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'Lone star' tick, tick-borne illnesses on rise

8:08 PM, Jul. 28, 2013
Lone star, named for the white dot on the back of the females, ticks are becoming more common across Wisconsin. The ticks tend to be more aggressive than deer and wood ticks, seeking out prey instead of waiting for a mammal to brush by them.
Lone star, named for the white dot on the back of the females, ticks are becoming more common across Wisconsin. The ticks tend to be more aggressive than deer and wood ticks, seeking out prey instead of waiting for a mammal to brush by them.
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Ted Roeder spent the better part of his life outdoors. He practically lived outside while playing as a boy, four years as a park ranger in Yellowstone National Park, several years as a park ranger at Denali National Park in Alaska, and countless hours doing field work for a master's degree and later a doctoral degree in botany. In all those years roaming the woods, Roeder was never concerned with a disease-carrying pest that's becoming more common - ticks.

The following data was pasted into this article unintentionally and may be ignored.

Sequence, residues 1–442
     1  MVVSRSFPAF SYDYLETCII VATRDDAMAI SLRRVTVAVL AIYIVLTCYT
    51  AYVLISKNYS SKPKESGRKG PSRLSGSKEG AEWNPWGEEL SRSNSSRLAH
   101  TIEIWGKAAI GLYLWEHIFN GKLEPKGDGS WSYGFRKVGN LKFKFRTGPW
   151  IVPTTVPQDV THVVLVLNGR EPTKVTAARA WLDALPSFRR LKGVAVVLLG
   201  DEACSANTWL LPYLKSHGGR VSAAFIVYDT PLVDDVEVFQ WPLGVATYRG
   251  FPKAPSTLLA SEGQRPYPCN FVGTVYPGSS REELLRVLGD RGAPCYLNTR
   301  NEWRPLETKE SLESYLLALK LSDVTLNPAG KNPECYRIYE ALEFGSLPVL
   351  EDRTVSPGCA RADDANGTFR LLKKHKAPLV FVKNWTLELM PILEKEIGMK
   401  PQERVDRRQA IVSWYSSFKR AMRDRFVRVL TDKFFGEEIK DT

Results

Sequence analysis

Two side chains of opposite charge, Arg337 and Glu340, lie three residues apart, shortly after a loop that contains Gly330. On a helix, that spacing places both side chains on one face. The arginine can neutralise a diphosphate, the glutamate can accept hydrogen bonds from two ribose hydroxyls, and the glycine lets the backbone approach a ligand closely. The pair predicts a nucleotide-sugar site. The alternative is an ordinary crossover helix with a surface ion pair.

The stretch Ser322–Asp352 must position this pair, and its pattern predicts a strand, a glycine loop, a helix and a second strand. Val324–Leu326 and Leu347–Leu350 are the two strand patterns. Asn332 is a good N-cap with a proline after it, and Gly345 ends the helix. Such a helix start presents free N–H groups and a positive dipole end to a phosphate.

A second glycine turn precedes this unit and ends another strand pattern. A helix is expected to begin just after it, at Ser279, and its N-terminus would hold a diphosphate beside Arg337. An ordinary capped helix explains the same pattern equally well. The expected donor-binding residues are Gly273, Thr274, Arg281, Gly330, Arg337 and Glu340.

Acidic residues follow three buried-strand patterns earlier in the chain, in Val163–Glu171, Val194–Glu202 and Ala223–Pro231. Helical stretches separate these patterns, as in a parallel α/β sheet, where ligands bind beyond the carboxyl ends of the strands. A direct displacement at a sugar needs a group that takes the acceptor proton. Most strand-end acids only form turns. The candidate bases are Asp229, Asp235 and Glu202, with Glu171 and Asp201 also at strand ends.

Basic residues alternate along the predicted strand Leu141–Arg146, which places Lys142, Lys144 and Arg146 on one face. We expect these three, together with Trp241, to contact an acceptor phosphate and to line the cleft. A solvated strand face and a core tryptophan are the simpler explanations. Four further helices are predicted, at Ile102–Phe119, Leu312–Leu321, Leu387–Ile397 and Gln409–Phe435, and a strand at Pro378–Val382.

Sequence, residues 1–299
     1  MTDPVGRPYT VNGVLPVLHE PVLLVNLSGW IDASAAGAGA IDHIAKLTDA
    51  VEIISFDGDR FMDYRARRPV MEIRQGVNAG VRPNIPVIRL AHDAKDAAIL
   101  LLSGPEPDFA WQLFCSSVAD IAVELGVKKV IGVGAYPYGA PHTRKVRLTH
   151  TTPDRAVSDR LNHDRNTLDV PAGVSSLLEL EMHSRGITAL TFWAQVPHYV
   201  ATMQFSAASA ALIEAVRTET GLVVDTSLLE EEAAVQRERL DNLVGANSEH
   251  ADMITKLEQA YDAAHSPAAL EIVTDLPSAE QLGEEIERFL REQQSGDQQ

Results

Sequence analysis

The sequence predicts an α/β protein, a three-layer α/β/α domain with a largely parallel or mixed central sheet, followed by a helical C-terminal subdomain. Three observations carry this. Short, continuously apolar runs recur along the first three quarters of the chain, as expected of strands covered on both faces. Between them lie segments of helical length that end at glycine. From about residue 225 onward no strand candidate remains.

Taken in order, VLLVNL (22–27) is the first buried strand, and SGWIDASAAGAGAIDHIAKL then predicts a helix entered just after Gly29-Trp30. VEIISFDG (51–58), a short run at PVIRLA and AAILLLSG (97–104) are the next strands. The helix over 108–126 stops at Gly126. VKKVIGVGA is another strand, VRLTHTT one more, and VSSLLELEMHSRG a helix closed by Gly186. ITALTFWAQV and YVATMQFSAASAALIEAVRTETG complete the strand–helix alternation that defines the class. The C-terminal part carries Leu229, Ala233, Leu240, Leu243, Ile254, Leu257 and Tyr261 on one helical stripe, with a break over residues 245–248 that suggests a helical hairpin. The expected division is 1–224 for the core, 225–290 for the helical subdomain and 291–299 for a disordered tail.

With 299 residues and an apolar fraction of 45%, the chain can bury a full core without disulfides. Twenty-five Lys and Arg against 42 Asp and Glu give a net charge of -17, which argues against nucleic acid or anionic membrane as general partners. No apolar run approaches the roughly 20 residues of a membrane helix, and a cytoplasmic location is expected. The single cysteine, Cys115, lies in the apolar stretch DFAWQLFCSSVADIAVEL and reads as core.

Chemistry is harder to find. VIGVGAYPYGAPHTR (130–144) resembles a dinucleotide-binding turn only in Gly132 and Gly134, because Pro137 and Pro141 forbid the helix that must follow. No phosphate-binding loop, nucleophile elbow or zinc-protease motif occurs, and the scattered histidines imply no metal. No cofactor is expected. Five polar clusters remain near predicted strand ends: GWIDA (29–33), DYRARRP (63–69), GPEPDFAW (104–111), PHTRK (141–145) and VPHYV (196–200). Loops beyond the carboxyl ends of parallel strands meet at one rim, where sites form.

"At that time, I don't think anybody really thought about it," Roeder said. "We didn't have ticks in Wisconsin when I was growing up. I'm not ...

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